Connect with us

Featured

Start-up rules for managing

Published

on

Managing people is sometimes easier said than done – especially for people who are not natural leaders. SANDRA SWANEPOEL, MD at Sage HR & Payroll outlines a few principles to get the most out of your employees.

If your small business is to grow and prosper, you need to hire the right people and then manage them in a way that gets the best from them. Even if you are not a natural leader, managing people is a skill that you can learn and improve with practice and with the right advice.

Here are a few golden principles for people management in a small business.

1. Learn to delegate

The first and sometimes hardest people management lesson for a small business owner to learn is to delegate work to the team. It can be difficult to let go if you’re hiring employees for the first time after doing everything yourself. As tempting as it might be to hold onto as many responsibilities as you can and to micro-manage when you do delegate, it’s important to share the load.

Start out with repetitive tasks that drain your time and add little value to the business – for example, admin tasks. Monitor how employees are doing, be there to support them, and invest the necessary resources in training them. Most people are eager to learn, so if they’re properly motivated they can save you a lot of time.

2. Understand the basics of labour law

Entrepreneurs often lack patience with paperwork and compliance, but it’s essential to understand labour law if you want to run a harmonious and productive workplace. With our progressive labour laws, you can’t dismiss people without following the proper processes.

South African labour law sets out rigid procedures for disciplining an employee and you must follow them to the letter. Keep accurate records if you hold a disciplinary hearing so that you can defend yourself in case the employee wants to challenge your decision at the Commission for Conciliation, Mediation and Arbitration (CCMA).

Also, be sure to document the rules of your workplace, the requirements of the job, and your policies so that employees know what is expected of them. Speak to an expert if you aren’t familiar with the complexities of South Africa’s legal framework.

3. Treat people with professionalism and consistency rather than familiarity

Owners of small businesses often fall into the trap of treating staff members as friends or family. This can make matters more difficult for you if you need to correct a staff member’s errant behaviour or say no when they ask for a favour. Be friendly but professional; don’t allow the lines between friend and manager to become blurred.

4. Communicate clearly

A good manager is a good communicator, so be straightforward with your staff members. Make sure your employees know what their tasks are, how these need to be done, and what their deadlines are. Give them regular feedback – positive and corrective – to help them improve. And be honest with them about how the business is doing and your strategies for the future. A transparent management style helps to keep staff members motivated.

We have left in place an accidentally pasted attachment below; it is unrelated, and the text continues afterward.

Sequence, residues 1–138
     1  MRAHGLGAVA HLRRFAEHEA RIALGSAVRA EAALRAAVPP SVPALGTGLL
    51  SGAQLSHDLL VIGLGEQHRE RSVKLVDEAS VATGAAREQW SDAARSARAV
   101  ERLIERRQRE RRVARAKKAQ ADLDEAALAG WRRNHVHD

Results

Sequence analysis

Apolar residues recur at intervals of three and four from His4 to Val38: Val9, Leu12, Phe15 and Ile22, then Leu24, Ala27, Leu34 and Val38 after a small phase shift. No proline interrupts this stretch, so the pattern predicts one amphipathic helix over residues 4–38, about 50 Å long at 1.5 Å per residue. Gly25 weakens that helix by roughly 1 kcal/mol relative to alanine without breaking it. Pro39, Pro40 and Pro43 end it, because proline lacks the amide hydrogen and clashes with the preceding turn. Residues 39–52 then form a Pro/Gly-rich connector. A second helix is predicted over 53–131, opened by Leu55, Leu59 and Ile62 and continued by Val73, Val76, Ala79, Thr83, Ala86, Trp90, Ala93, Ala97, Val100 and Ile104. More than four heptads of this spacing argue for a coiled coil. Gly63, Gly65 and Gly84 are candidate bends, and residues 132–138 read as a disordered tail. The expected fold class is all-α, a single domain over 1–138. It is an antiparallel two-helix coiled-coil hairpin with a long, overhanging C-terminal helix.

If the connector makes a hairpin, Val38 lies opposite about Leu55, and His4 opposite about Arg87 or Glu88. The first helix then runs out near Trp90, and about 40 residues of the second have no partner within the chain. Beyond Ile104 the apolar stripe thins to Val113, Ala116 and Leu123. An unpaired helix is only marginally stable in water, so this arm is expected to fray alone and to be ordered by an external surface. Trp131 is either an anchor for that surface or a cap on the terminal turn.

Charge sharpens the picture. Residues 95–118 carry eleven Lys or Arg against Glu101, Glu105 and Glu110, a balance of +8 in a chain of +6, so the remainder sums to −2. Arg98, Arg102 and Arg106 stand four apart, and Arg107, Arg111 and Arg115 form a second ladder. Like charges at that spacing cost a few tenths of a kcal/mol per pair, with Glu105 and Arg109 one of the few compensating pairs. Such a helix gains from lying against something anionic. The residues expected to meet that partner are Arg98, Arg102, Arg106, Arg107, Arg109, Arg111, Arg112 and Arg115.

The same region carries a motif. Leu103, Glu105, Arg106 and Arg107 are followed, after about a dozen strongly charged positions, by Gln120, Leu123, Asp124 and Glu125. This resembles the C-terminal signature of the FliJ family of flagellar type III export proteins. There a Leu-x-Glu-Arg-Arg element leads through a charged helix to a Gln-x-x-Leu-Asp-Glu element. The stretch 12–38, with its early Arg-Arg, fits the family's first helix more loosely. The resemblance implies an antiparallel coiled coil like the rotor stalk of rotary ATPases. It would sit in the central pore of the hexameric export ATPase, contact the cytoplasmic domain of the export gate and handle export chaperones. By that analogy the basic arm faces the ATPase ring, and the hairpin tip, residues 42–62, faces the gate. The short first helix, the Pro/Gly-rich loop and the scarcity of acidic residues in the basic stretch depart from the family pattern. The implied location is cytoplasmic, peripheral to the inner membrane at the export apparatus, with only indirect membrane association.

5. Be fair and consistent

Like most human beings, you probably have your biases and like some members of your team more than others. It is important, however, that you treat everyone according to the same consistent set of principles. Be alert to your own preferences and how they manifest when you interact with the team.

Nothing is worse for staff motivation than seeing the boss give one or two members of the team preferential treatment simply because he or she likes them more.

Featured

When will we stop calling them phones?

If you don’t remember when phones were only used to talk to people, you may wonder why we still use this term for handsets, writes ARTHUR GOLDSTUCK, on the eve of the 10th birthday of the app.

Published

on

Do you remember when handsets were called phones because, well, we used them to phone people?

It took 120 years from the invention of the telephone to the use of phones to send text.

Between Alexander Graham Bell coining the term “telephone” in 1876 and Finland’s two main mobile operators allowing SMS messages between consumers in 1995, only science fiction writers and movie-makers imagined instant communication evolving much beyond voice. Even when BlackBerry shook the business world with email on a phone at the end of the last century, most consumers were adamant they would stick to voice.

It’s hard to imagine today that the smartphone as we know it has been with us for less than 10 years. Apple introduced the iPhone, the world’s first mass-market touchscreen phone, in June 2007, but it is arguable that it was the advent of the app store in July the following year that changed our relationship with phones forever.

That was the moment when the revolution in our hands truly began, when it became possible for a “phone” to carry any service that had previously existed on the World Wide Web.

Today, most activity carried out by most people on their mobile devices would probably follow the order of social media in first place – Facebook, Twitter, Instagram and LinkedIn all jostling for attention – and  instant messaging in close second, thanks to WhatsApp, Messenger, SnapChat and the like. Phone calls – using voice that is – probably don’t even take third place, but play fourth or fifth fiddle to mapping and navigation, driven by Google Maps and Waze, and transport, thanks to Uber, Taxify, and other support services in South Africa like MyCiti,  Admyt and Kaching.

Despite the high cost of data, free public Wi-Fi is also seeing an explosion in use of streaming video – whether Youtube, Netflix, Showmax, or GETblack – and streaming music, particularly with the arrival of Spotify to compete with Simfy Africa.